The Greniers soon discover that the grounds are haunted by the ghosts of everyone who’s ever been killed by a Winchester rifle (which is weird, because I thought for sure those things would’ve taken out more than six people between 1873 and 2009, but whatever).  Shadowy figures with blown-off faces stalk them; a deformed devil-baby claws at Susan’s bed sheets; a pissed off Sarah Winchester (Kimberly Ables Jindra) kidnaps poor little (big?) Haley.

Drake and Susan call on local paranormal investigator Harrison Dent (Tomas Boykin) to help them find their daughter and put the spirits at ease.  Dent has a knack for talking to the dead, and agrees to help out.  Dent has a Knack for Talking to the Dead, and agrees to help out.  DENT HAS A KNACK FOR TALKING TO THE DEAD, AND AGREES TO HELP OUT.

Anyway, the Greniers figure out that Sarah just wants to be reunited with her own missing daughter, Annie (Jennifer Smart), whose spirit is trapped somewhere in the house.  After all the blasted-face apparitions, rattling windows, creepy girls in white dresses, balls rolling out of nowhere, creepy crayon drawings and every other cliché you’ve ever seen in any other horror movie, the big mystery boils down to finding Annie’s skeletal remains inside a trunk in the attic.

Let’s take a sidebar.  It’s been established that the ghosts in Winchester House can move objects around, sometimes violently.  We also see the ghost of Annie Winchester playing with Haley early on—only a few minutes, in fact, before we see the ghost of her mother, who’s ostensibly looking for her.  Granted, the lore of the estate is that, in life, Annie built several additions onto the house in order to confuse the ghosts; but does that mean she was so skilled as to confuse her own ghost self?  And after more than a hundred years, wouldn’t you think to check all the boxes in the attic?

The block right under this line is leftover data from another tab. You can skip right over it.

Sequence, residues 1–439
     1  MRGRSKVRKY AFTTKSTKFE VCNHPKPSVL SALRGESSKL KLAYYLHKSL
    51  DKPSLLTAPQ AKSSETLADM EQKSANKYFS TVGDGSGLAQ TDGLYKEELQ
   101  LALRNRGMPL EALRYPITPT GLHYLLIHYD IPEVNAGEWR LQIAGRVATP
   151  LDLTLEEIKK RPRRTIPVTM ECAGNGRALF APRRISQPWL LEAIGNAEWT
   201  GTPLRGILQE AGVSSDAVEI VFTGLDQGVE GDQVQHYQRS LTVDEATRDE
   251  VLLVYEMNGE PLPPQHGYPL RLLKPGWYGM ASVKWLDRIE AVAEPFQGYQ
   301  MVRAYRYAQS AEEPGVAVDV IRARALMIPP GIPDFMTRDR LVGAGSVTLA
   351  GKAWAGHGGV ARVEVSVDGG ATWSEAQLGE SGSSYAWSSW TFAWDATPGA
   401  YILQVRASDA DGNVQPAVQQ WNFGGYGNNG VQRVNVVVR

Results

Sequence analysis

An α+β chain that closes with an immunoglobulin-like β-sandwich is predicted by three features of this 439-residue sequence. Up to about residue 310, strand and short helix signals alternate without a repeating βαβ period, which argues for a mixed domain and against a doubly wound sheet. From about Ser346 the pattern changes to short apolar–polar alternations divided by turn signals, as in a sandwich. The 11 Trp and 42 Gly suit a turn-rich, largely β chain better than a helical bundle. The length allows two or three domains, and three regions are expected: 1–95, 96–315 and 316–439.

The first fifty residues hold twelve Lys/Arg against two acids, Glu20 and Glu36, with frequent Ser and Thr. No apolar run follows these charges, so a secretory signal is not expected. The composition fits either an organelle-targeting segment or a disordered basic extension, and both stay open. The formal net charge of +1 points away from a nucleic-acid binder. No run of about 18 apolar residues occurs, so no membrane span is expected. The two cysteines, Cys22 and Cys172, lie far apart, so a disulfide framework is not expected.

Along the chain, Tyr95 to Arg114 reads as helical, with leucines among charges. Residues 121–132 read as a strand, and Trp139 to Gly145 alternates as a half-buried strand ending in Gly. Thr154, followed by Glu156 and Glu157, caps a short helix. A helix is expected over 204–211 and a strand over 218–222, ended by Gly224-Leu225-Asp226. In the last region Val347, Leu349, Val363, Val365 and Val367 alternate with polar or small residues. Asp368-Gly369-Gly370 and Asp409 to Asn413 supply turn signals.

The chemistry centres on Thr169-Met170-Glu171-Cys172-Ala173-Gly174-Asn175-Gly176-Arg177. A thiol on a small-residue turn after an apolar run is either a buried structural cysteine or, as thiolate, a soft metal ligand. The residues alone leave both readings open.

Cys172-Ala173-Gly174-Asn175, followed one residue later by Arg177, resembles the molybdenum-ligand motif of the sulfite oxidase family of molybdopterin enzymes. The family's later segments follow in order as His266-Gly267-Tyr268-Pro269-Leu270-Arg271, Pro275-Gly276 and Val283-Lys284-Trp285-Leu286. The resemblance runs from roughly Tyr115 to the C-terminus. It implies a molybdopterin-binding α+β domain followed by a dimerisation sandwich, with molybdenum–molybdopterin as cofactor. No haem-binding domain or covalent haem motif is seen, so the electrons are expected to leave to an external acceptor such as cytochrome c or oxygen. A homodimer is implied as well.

Leaving the supernatural element out of it, let’s look at the climactic flashback, in which we see young Annie hanging out in the attic.  She hides from a deaf family member (servant?) by bunching herself up in a trunk.  The deaf guy places some boxes on top of the trunk and walks away, not hearing the girl’s screams.  That’s understandable, if not a bit of a stretch (what the hell was in those boxes that a twelve-year-old girl couldn’t knock over with some hearty pounding?).

What goes beyond belief is the idea that no one found this girl, ever.  She was able to breathe through the trunk’s keyhole, so suffocation wouldn’t have been a problem.  Did Sarah mount a search party?  Did no one think to check the attic, where Annie was known to play?  Maybe Sarah deserved to be separated from her daughter—not cosmically, but just for being a shitty mom.

Back to our “A” story.  Dent explains that there are two kinds of ghosts: those who know they’re dead and those who don’t.  The ones that know are allowed to move on to the spirit realm.  Those who don’t are trapped in an in-between state on Earth.  Dent begins to draw a safety circle from which he and the Greniers might reason with the ghost, but he’s slammed against a wall and falls to the floor, dead.  His spirit rises up, looks disappointedly at his body, and then vanishes.  The Greniers continue on, frantically.  The Greniers Continue On, Frantically.  THE GRENIERS CONTINUE ON, FRANTICALLY.

In the end, Drake and Susan find Haley in a walled-off room.  Sarah and Annie find each other, and all the strangeness at Winchester House ceases.  I guess the ghostly victims of Winchester rifles just wanted to see the heiress of the company that manufactured the tools that killed them reunited with the daughter she didn’t really deserve.  Makes sense.